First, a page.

More often, though, a player’s operating assumptions aren’t rhetorical. They come from a profoundly different understanding of what the activity “is.” For me, a former composition major, roleplaying is music: there’s a huge range of styles, orchestrations, methods, and structures filtered through history and venues. For others, all roleplaying is waltz music: jam that melody into a ¾ time signature whether it fits or not, play it at a dance pace no matter what, one chord per bar no matter what, and treat every single piece of music as ultimately derivative of folk dances.
The (Eight) Usual Suspects
These are the eight topics I find demand specificity at tables with experienced players, because they (experienced players) come loaded with assumptions from other games. Any one of these could be a complete essay! And maybe they will be. Just let me know if any of them sound interesting enough for another few thousand words.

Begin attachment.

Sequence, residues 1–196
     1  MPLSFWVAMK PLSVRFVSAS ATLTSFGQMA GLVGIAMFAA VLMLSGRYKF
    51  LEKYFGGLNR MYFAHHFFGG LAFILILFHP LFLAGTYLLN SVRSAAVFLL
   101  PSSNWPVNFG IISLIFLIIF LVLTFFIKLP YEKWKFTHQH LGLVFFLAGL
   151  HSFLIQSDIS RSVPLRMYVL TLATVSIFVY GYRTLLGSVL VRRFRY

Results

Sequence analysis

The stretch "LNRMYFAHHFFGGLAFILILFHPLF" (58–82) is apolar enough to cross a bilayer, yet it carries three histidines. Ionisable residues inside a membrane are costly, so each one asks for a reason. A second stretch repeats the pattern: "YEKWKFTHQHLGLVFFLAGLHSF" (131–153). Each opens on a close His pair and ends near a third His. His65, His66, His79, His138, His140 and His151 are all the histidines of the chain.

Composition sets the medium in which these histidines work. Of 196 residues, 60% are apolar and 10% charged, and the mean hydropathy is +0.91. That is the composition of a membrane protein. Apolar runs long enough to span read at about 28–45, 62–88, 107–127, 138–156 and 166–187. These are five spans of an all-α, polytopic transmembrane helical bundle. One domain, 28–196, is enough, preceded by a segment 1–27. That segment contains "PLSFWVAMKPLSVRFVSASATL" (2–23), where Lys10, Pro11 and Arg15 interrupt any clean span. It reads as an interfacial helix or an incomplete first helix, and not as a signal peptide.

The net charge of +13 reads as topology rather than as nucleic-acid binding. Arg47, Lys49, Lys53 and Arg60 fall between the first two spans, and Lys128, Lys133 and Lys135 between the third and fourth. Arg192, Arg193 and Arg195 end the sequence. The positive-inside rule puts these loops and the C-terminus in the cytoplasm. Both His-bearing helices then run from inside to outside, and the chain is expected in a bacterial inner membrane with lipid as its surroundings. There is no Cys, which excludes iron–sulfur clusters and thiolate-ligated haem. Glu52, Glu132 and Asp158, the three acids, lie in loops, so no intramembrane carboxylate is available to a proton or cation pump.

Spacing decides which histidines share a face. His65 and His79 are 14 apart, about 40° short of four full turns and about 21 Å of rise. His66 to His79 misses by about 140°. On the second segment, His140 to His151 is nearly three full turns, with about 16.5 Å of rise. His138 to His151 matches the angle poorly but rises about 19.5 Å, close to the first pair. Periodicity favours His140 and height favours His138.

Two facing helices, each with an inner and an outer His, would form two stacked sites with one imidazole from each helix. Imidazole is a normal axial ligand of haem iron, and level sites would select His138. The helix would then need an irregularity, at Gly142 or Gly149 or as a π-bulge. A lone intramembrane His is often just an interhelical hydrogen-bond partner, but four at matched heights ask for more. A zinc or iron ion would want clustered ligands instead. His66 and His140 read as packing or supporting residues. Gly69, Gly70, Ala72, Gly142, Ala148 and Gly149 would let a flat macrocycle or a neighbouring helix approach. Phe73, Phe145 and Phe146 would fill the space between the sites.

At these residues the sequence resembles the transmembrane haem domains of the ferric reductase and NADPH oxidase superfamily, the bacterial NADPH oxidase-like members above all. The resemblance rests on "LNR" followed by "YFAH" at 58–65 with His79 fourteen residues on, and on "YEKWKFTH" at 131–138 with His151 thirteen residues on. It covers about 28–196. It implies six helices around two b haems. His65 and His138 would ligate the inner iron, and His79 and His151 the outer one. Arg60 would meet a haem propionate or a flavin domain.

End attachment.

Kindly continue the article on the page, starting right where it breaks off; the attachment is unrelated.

Intent, conflicts, tasks and moves
Maybe the most common point of confusion I run into is what happens after players touch dice (or some other procedure-with-uncertainty). It’s especially confusing if the player is unclear why they touched the dice in the first place. What’s the cause and what’s the effect? What are the rules even for?
Some games use randomizers to determine success or failure of a specific, tangible task: that’s your straight up task resolution method. Others require players to state their intention before the roll: this is either transparency (if you’re clarifying why you’re doing a task, as you do in Burning Wheel) and/or conflict resolution (if you’re resolving an entire scene and you’ve described what you want out of it, like Dust Devils). Others use randomization to introduce surprise into the fiction, the aspirational — if not frequently unrealized — goal of PbtA style moves.